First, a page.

Issued. First gun of the war iired
by gunboat Nashville In capturing
the prize Buonn Ventura.
April 23 President mils for 125,000
April 2.3 War with Spain ! s de-
April 110 Cervera's fleet sails for
May 1 Rear Admiral Dewey de
stroys entire licet of Admiral Mon-
tejo In Manila Bay.
May 11 Ensign Bngley killed at
May 19 Cervera's fleet seeks refuge
In Santiago de Cuba Bay.
May 25 President calls for 75,000
June 3 Ilobson sinks the Merrlmac
In Santiago harbor and Is taken 2
prisoner with seven volunteers *
who accompanied him.
June 10 Six hundred United States
marines landed at Caimanera.
June 13 Camara's fleet sails from
June 22 Shafter's army lands at
Daiquiri and SIboney.
July 1 Lawton and Kent and rough
riders take San Juan Hill , losing
231 men. with 1,36-1 wounded.
July 3 Cervcrn's fleet destroyed by
July 17 Toral surrenders Santiago
and eastern portion of Cuba.
July 25 Gen. Miles lands in Porto
Rico , near Ponce.
July 26 Spain proposes pence
through French Ambassador Cam-
July 31 Battle of Malate , near
Aug. 12 Spain and United States
sign pence protocol defining terms.
Aug. 26 United States peace commission - < $ >
Nov. 28 Final terms of United
States accepted by Spain at Paris.
PROVISIONS OF T1I13 TREATY.
Cession of Porio Rico to the United
Evacuation of Cuba.
Cession of the Island of Guam in the
Cession of the Philippine : vhipelago to
the United States upon the payment of
Renunciation of all claims for indem
Religious liberty in the Carolines.
Liberation of all political prisoners.
Restoration of past treaties and com
The taking over of the Island of Ku-
saie , or Uaiau , in the Carolines for a toil-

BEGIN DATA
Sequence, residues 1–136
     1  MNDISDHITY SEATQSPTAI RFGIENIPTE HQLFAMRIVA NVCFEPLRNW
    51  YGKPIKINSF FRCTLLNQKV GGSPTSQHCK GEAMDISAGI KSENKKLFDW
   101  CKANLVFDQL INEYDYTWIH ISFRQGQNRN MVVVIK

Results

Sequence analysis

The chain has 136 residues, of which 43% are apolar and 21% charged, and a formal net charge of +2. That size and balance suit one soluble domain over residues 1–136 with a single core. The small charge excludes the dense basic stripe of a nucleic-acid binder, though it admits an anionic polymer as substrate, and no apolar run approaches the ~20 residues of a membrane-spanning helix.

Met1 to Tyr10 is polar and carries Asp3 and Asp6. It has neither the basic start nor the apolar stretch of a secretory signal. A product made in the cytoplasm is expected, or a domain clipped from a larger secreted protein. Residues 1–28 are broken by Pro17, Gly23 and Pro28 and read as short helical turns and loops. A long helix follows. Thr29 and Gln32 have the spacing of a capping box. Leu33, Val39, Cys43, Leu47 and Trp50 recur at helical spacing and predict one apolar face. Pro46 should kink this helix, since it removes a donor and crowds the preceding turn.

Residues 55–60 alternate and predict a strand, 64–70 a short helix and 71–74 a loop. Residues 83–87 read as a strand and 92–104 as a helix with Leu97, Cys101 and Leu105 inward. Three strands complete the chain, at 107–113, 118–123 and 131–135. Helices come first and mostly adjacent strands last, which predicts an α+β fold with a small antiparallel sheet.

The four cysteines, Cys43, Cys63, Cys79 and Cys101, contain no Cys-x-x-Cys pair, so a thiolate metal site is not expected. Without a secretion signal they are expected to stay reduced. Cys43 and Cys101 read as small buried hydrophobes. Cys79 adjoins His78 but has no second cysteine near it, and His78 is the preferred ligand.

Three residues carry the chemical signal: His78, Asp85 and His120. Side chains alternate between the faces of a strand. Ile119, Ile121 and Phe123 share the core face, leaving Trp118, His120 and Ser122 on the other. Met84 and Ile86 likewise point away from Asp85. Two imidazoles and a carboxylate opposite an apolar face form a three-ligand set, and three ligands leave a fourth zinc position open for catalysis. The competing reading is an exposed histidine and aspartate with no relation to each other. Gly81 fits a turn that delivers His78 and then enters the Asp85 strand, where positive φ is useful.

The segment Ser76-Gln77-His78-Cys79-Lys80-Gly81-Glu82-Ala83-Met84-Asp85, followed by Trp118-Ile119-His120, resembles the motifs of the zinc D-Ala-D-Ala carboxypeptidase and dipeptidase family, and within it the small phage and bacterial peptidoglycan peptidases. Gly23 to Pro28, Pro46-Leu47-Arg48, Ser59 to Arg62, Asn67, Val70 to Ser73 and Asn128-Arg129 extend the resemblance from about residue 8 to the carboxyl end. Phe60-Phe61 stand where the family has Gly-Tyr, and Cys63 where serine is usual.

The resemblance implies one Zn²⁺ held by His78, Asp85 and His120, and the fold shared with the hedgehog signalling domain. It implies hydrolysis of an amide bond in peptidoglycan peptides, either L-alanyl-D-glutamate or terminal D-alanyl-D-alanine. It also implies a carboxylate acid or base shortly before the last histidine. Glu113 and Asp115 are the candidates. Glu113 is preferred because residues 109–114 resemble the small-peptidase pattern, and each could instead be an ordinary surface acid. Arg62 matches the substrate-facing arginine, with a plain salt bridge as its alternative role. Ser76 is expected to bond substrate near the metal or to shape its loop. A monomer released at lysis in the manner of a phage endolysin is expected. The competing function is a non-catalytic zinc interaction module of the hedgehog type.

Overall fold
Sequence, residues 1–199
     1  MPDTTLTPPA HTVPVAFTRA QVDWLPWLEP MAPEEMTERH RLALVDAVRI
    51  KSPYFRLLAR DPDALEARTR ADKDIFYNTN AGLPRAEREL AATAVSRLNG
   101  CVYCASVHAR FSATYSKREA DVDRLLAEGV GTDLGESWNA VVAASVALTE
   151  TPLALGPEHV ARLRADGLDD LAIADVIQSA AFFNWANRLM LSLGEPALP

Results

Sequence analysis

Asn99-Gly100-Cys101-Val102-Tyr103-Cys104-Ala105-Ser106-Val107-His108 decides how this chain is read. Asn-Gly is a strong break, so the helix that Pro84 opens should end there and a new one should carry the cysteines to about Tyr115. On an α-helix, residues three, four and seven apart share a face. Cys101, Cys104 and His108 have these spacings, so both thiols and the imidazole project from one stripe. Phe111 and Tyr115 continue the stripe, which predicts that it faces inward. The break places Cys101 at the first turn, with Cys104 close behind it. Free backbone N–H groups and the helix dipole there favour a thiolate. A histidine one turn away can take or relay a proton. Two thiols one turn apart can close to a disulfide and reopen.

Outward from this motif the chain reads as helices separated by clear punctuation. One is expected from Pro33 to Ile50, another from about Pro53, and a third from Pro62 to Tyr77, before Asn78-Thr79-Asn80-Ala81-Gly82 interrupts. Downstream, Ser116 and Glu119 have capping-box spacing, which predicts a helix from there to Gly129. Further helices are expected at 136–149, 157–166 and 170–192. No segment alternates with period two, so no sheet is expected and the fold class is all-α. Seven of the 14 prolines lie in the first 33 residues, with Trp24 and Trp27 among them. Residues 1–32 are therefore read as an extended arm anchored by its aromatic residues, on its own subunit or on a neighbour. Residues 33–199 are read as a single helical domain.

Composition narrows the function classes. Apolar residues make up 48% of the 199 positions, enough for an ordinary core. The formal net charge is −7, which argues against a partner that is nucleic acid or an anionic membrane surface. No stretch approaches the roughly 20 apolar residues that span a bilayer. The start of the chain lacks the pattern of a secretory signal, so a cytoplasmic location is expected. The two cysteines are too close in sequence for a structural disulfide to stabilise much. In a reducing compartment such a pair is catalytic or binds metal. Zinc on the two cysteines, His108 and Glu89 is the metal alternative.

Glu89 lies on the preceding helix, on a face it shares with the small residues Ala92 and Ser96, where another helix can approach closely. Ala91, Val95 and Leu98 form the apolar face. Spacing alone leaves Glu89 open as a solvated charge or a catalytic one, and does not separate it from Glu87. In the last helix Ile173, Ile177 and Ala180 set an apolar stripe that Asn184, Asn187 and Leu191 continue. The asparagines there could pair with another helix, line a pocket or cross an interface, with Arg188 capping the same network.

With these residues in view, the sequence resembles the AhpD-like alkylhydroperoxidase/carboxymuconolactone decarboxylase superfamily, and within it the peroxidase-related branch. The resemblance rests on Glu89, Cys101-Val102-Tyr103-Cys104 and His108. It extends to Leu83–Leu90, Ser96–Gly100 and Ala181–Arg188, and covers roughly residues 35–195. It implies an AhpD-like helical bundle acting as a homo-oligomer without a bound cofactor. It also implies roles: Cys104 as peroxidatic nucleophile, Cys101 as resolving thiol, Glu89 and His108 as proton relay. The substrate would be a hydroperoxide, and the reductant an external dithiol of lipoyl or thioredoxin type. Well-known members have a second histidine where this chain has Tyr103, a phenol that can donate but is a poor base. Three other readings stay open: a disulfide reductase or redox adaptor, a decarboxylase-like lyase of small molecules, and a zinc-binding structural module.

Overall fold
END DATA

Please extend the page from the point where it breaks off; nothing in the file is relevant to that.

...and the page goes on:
graphic and naval station.
Cable station rights at other points in
COST OF "WAR TO BOTH NATIONF.
Porto Rico 150,000,000
Cost of war 125,000,000
Loss of commerce 20,000,000
Thirty ships lost 30,000,000
United States Loses.
Maine $ 2,500,000
Cost of war 200,000,000
Indemnity to Spain 20,000,000
Lost by the United States , about 253
men killed and about 1,324 wounded.
About 2,000 men died in camp. These
figures do not include the 2G6 sailors lost
on the Maine or the men who have died of
fever after being mustered out.
Lives lost by Spain , about 2,500 killed
and 3,000 wounded. No official statement
of Spain's losses has boon made.
WHAT WE GET.
Islands. Square miles. Population.
Porto Rico 3,500 806,708
Philippines 114,326 8,000,000
Sulu 050 75,000
Guam 120 8,561
Isle of Pities 1,214 2,500
Totals 120,110 8,892,769
This does not include Cuba , area 119- ,
240 square miles , population 1,031,019 , of
which the United States has possession
pending the establishment of a stable gov
TROOPS STILL NEEDED.
Few Volunteers Can Be Released at
The muster-out of regiments in the vol
unteer army will be resumed soon after
the conclusion of the treaty of peace at
Paris. The administration is unwilling
tor more than one reason to order the dis
charge of the whole volunteer army at
present , the chief reason being , of course ,
the need of a large force to garrison points
in Cuba , Porto Rico and the Philippines.
ft Is probable , however , that within a very
short time the President will grant a few
) f the many requests for the muster-out
) f volunteer organizations , trusting that